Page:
Control >> Finding object/goal >> Goal search

Goal search

In this section, we present a second series of experiments, in which a group of three s-bots has to find a goal item, which we refer to as the prey. We will shortly describe the controller in the following section. Afterwards, we detail the experimental setup. Finally, we discuss the results of our experiments.


In principle, the same behaviour based controller as described previously is also used for this experiment. For simplicity we have not mentioned before the behaviour in case an s-bot perceives the prey, which depends on the current state of the s-bot:

  • Explorer: When detecting the prey, an explorer will attempt to connect to it by extending the chain it is currently moving along. It may only connect in case it perceives no more than one chain member and the prey.
  • Chain member: A chain member that perceives the prey may not disaggregate from the chain.
  • Lost: A lost s-bot perceives the prey as an obstacle and has to continue its random walk in order to regain contact to a chain.

Experimental setup

As shown in Figure 1, the experimental environment is the same as the one used for the previous experiment. As indicated on the top right corner of the image, a prey, which is represented by an s-bot with its red LEDs activated, is placed at a distance of 1.40 m from the nest. Note that the prey, by having the red LEDs activated, can be distinguished from a chain or the nest. The three s-bots have to find the prey and, by forming a chain, establish a connection between the prey and the nest. We define a connection as a chain of s-bots that allows other s-bots to navigate back and forth between nest and prey.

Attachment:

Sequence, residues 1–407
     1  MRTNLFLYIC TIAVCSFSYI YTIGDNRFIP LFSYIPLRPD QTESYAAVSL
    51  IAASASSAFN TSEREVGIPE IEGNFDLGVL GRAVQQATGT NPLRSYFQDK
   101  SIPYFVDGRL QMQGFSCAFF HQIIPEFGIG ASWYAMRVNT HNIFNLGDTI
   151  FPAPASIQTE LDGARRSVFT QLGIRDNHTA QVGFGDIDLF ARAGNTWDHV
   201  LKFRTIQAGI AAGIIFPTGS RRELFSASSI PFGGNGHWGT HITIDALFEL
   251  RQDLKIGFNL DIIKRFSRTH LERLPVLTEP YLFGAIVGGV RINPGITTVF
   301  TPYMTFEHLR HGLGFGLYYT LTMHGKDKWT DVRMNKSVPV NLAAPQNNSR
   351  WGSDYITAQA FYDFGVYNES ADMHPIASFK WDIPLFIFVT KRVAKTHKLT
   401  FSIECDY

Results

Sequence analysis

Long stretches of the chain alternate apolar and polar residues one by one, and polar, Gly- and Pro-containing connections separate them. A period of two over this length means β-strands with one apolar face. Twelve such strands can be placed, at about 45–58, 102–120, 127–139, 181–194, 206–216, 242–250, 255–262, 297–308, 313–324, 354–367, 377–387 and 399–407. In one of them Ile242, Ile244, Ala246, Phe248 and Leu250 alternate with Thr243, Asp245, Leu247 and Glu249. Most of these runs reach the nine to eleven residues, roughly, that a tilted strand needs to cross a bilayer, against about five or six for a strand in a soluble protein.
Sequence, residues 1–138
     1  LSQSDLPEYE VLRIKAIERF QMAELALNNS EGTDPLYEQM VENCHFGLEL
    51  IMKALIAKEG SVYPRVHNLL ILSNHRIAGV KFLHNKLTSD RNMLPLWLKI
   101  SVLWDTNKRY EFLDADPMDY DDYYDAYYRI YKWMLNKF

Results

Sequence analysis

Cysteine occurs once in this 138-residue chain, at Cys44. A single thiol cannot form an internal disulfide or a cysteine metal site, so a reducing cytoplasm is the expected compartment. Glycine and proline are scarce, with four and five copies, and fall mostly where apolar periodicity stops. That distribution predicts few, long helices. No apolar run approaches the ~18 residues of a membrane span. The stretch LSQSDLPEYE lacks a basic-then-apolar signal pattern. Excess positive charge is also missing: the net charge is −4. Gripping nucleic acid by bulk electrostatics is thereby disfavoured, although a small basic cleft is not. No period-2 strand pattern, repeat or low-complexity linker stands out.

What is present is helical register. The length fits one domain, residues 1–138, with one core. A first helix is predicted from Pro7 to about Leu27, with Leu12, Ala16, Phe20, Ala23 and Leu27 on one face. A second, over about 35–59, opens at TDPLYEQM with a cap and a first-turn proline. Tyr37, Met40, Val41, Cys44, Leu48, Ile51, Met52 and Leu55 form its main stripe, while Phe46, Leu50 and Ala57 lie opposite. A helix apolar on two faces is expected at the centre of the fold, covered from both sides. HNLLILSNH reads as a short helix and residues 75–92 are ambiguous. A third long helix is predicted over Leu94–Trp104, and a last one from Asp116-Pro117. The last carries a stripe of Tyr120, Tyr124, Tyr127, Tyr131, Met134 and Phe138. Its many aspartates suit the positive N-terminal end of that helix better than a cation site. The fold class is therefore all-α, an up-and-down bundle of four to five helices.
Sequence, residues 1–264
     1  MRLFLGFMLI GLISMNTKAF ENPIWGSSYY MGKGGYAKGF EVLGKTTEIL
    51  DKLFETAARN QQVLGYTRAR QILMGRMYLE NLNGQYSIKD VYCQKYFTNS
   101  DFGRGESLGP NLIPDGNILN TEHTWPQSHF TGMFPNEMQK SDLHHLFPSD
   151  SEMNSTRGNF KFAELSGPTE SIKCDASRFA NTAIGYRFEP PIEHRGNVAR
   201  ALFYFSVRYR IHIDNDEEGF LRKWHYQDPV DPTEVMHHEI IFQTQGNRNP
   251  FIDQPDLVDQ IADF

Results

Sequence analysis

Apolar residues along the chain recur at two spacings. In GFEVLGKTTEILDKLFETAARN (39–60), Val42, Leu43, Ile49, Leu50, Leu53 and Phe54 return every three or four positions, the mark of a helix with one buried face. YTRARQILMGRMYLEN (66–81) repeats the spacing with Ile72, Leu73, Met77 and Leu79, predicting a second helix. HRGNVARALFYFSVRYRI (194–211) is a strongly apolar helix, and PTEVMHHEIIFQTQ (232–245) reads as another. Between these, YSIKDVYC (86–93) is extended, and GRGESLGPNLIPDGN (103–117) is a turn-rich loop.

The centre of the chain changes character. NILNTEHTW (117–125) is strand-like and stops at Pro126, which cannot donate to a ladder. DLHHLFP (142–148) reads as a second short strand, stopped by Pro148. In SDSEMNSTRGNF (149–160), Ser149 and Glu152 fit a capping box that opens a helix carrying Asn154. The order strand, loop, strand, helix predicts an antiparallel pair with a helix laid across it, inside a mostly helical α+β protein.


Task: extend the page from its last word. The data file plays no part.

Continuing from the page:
Number of chains, 10 s-bots

Figure 1. The experimental environment: a squared arena with a side length of 2.40 m with an s-toy, which represents the nest, placed in its center. In order to be recognized by the s-bots the blue LEDs of the s-toy are turned on. As indicated by the black and red dots around the nest, there are 40 different initial positions at three distances and 16 angles. At the beginning of an experiment an s-bot is randomly placed at one of them. Furthermore, an s-bot's initial orientation is determined randomly as well.

Given that an s-bot has a perceptual range of approximately 1 m to recognize red LEDs, it is sufficient that one s-bot starts a chain into the direction of the prey in order to perceive it. However, a chain of one s-bot is not yet sufficient to establish a connection between nest and prey because the perceptual range for the three other colours is approximately 50 cm.

Identical to the previous experiment, each trial is characterized by the values of the two control parameters P(expl->chain) and P(chain->expl), and by a seed that initializes a random number generator to determine the initial positions of the robots, and their probabilistic choices during an experiment. Again, for each of the two probabilities three different values are applied:

P(expl->chain) ∈ {0.01;0.1;1}

P(chain->expl) ∈ {0.001;0.01;0.1}.